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Leaders are not a breed of their own; leaders are an entire species made up of diverse breeds that are identified by their distinguishing behaviors and characteristics. As I have studied leadership development and inched my way into this domain, I have found it curious that leaders are often regarded as one homogeneous group. How does this approach account for diverse leadership styles and the unique demands associated with different roles within different organizations? Does it account for those individuals who simply have a fire in their belly to make a difference, but don’t necessarily feel like they fit into the conventional world of professional leaders? I fear that many driven professionals are left to wonder where they belong.

I don’t know why, but I’m a leadership nerd. I am constantly thirsty to know more about what great leadership looks like and what great leaders are doing to make a difference. At times I’m inundated with content from online journals, magazines, newsletters, webinars, and professional publications like this one.

Yes…I’m guilty! I know!

Unfortunately, my longing for knowledge and understanding leaves me suffering from a perpetual sense of inadequacy. There is no possible way that I can exemplify all of these characteristics or implement all of these strategies!

So, as usual, instead of being overwhelmed by my inability to do it all, I coach myself through the process of going back to the basics.

Why am I the way I am?

How have I been created differently from those around me?

What purposes am I intended to fulfill by embracing my unique qualities?

I have to remind myself that falling short is not defined by my inability to do it all, but falling short is defined by not fully realizing my own unique potential. During this self-coaching process, as I attempt to untangle my insecurities and embrace my realities, I find it helpful to reflect on my own distinguishing traits and how they may fit into the broader classification of heterogeneous leaders.

So what are some of these “breeds” and what are the distinguishing behaviors and characteristics that set them apart?

3 breeds - mindcraft

Three Breeds

THE DRIVER – Those who propel movement

This leader is someone who gets in the car, puts the key in the ignition, buckles up, and immediately puts their foot on the gas. This person has an idea and executes without hesitation. People who have worked with this leader have noticed that one day everything is under control and the next day the leader has rounded up a whole team of people to work on an initiative that becomes the center of attention. The Driver’s motivation is productivity. Not only is this leader good at mobilizing people to get things done, but the process itself is what they love.  

THE ATTACKER – Those who tackle and conquer

This leader is someone who minds their own business until an intruder comes on their property and then they attack. This person cannot stand for something to not be as it should…especially when there is a solution in sight. When this leader notices a problem or observes a need, it won’t be long before something is happening to take care of business. The Attacker’s motivation is solving problems. This leader will mobilize the troops to make sure the issue-at-hand is addressed one way or another.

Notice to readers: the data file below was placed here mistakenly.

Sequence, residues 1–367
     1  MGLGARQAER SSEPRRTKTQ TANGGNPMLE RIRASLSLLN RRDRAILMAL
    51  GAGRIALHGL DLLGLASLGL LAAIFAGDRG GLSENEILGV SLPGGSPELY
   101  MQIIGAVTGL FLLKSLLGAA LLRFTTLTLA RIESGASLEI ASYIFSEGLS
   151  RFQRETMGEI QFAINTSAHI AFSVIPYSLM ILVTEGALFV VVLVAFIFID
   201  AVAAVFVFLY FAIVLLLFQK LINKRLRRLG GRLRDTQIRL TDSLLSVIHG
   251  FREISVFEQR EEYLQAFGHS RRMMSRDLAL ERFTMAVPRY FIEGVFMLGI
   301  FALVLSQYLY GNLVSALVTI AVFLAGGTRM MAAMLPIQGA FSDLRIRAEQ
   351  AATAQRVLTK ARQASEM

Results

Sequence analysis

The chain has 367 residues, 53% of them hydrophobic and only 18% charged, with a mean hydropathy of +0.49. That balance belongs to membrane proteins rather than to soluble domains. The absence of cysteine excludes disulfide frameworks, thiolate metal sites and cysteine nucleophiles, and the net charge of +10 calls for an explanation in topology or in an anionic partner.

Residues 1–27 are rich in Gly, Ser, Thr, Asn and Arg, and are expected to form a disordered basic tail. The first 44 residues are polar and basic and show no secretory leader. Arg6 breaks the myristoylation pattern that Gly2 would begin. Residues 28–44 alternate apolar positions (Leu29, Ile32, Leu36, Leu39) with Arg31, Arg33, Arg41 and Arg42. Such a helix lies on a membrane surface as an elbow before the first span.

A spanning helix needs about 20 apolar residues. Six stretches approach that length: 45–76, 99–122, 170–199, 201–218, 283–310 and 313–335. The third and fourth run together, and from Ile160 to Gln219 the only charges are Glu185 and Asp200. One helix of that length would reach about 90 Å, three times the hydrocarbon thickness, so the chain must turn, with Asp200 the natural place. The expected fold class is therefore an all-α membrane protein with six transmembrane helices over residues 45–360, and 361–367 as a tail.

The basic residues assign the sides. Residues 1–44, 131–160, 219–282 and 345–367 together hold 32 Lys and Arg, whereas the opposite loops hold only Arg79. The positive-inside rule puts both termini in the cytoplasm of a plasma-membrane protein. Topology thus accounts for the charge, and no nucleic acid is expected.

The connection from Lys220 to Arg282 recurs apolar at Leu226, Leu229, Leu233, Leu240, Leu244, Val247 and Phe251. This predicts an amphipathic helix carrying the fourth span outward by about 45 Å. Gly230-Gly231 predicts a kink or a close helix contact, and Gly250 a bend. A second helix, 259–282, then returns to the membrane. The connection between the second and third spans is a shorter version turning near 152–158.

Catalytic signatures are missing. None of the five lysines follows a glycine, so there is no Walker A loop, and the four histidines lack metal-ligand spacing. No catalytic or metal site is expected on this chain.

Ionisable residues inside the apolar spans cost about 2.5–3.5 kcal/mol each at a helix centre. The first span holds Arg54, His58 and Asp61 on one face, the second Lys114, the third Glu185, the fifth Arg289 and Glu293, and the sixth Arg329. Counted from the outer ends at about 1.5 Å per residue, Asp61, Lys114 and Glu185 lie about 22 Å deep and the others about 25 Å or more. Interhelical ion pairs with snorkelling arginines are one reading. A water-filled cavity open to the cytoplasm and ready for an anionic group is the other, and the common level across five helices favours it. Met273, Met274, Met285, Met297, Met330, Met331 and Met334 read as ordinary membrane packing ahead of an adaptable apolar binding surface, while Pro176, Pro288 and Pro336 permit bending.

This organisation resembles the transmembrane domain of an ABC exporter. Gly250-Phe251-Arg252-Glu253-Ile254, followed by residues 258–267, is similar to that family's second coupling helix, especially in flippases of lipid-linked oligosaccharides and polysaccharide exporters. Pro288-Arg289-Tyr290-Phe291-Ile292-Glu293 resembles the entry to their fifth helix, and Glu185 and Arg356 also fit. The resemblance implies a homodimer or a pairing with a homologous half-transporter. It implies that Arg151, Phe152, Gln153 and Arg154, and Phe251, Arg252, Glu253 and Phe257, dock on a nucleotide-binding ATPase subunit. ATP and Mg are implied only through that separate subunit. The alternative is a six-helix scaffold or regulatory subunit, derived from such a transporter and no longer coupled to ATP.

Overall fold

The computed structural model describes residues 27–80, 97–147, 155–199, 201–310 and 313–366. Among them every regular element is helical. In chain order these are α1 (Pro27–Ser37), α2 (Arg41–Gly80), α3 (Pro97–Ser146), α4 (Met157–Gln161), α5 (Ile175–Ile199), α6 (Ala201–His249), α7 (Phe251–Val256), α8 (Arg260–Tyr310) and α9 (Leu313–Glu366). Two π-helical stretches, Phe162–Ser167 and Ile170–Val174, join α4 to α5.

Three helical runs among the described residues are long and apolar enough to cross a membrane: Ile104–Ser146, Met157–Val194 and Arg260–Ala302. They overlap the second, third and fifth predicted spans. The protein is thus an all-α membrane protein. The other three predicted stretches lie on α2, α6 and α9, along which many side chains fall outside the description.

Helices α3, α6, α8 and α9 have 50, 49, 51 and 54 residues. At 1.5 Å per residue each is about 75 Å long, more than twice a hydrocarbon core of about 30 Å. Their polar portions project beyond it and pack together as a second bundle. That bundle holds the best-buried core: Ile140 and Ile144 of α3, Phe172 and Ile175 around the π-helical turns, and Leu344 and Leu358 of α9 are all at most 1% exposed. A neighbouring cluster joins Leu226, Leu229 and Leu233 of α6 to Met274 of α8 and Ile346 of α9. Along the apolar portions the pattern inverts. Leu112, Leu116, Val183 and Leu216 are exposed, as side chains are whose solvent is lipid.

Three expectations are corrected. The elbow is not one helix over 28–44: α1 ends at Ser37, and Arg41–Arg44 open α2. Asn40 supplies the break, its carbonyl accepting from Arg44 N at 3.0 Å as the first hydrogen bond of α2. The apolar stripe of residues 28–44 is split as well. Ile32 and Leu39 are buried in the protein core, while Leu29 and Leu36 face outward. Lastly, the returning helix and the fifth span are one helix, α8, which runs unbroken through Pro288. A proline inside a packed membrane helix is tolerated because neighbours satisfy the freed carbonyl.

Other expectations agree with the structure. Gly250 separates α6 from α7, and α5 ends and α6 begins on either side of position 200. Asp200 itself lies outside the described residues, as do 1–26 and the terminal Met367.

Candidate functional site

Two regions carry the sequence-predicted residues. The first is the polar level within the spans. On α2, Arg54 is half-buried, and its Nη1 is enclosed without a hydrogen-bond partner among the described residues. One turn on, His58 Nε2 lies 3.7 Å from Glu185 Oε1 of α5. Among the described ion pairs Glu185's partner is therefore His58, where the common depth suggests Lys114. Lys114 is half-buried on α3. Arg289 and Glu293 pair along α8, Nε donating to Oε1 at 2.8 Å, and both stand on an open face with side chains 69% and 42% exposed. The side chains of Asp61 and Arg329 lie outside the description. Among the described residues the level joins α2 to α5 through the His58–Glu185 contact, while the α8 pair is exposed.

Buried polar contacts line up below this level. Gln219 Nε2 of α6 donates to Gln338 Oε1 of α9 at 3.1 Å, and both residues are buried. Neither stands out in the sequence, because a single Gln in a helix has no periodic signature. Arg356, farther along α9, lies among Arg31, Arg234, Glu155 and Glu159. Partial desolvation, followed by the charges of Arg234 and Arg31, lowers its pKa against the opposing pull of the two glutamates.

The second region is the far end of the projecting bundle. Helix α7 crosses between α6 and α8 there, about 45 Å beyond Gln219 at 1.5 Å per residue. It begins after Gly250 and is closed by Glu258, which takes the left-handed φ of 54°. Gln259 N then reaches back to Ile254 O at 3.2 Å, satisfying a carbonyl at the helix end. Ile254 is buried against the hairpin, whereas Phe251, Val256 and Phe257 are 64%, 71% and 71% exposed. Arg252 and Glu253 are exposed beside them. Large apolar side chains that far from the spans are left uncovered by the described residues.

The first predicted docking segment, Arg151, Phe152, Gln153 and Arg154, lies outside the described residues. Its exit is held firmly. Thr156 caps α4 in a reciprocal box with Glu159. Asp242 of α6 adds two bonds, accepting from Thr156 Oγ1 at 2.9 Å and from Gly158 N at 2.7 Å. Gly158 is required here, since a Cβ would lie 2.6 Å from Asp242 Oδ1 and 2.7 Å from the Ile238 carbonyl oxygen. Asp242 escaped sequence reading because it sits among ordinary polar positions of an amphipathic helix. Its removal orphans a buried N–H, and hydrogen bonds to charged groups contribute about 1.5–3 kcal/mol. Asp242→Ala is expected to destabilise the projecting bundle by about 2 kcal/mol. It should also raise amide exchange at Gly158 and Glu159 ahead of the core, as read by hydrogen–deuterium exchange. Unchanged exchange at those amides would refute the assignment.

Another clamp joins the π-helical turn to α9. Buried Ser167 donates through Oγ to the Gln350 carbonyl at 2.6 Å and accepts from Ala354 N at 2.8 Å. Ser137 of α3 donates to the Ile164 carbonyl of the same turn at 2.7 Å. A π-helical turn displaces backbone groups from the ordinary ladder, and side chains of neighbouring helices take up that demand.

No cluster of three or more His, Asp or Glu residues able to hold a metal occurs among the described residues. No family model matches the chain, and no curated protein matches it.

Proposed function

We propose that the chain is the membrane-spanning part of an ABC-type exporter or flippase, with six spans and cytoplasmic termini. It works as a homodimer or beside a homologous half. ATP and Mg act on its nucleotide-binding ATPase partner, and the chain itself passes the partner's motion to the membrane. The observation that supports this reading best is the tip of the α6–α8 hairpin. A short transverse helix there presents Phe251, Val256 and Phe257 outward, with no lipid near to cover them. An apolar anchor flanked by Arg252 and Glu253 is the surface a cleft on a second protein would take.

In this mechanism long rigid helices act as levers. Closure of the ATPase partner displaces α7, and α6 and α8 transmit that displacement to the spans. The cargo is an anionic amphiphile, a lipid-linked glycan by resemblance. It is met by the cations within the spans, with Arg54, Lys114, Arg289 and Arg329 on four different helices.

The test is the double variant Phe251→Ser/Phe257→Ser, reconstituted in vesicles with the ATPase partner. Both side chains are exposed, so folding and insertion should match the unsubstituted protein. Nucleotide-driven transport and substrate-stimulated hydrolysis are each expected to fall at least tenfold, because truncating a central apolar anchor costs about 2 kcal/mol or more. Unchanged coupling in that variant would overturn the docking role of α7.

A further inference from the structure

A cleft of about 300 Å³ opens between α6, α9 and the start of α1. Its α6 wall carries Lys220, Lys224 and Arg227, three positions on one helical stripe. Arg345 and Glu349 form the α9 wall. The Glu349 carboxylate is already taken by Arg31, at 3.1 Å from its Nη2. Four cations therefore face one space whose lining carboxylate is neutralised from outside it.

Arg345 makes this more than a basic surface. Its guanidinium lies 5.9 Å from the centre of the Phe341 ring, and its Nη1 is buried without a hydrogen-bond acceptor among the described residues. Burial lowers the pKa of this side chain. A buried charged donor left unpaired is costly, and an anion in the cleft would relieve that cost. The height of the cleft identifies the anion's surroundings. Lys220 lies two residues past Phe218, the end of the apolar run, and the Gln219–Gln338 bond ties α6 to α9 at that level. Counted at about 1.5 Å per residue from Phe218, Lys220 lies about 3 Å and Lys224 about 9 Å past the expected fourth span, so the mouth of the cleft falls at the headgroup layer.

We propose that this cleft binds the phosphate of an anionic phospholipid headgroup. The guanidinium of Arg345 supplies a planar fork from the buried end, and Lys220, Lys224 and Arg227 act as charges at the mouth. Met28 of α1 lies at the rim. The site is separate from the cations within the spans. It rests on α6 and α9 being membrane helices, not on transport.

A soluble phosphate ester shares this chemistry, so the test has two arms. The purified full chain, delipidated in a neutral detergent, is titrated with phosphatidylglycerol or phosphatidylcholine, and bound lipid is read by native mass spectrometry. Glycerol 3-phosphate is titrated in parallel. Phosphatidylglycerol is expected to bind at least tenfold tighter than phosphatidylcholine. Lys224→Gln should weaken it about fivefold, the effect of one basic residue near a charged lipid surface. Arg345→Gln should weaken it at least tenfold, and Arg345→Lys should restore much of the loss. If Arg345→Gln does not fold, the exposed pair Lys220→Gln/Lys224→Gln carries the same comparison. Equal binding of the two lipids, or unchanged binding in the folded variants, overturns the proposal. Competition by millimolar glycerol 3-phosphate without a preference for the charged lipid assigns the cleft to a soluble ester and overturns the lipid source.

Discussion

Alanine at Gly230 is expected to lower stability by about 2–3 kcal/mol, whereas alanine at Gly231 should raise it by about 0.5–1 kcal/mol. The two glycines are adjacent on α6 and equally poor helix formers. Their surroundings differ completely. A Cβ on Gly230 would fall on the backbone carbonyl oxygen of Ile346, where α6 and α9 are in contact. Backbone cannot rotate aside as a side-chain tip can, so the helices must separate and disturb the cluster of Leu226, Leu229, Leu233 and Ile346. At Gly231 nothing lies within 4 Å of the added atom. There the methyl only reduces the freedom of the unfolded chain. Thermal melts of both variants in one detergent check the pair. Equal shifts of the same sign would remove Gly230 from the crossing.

THE GIVER – Those who rise to the challenge set before them

This leader is someone who would rather not be a leader, but something in them says “I could help with that”. The Giver often gets his/her moment in the absence of The Drivers and Attackers, but is no less of a leader than the rest. This individual does not stand down in the face of fear, but rather steps up. The Giver’s motivation is service. This leader generates movement around a common goal more naturally than all the rest because they deeply believe in what they are doing and their humility is the leadership quality that draws others to jump on board.

 

A Leader’s Identity:

I believe a valuable leader is someone who successfully mobilizes people around a common goal to effectively and efficiently get things done. Some leaders demonstrate leadership tendencies early in life, while others may never consider their own leadership abilities until someone else draws attention to these qualities. Nevertheless, at some point these individuals start working with people to get things done, and when they do, certain behaviors and characteristics define that experience.

As you read this, you may find that you are a mixed breed, and some may better identify as a “mutt.” Your leadership origin, characteristics or motivating factors might not be like your neighboring leader, but for some reason something stirs within you to rally people around a common goal to get things done.  Not everyone experiences that inner stirring, so whether you are a Driver, Attacker, Giver, or “mutt,” you have an important role in the lives of those around you. As we all strive to grow together as a strong and healthy mixed assortment of leaders, we will learn from one another while resting in the truth that our success lies within fulfilling our own unique purpose. Lead on!

 

 

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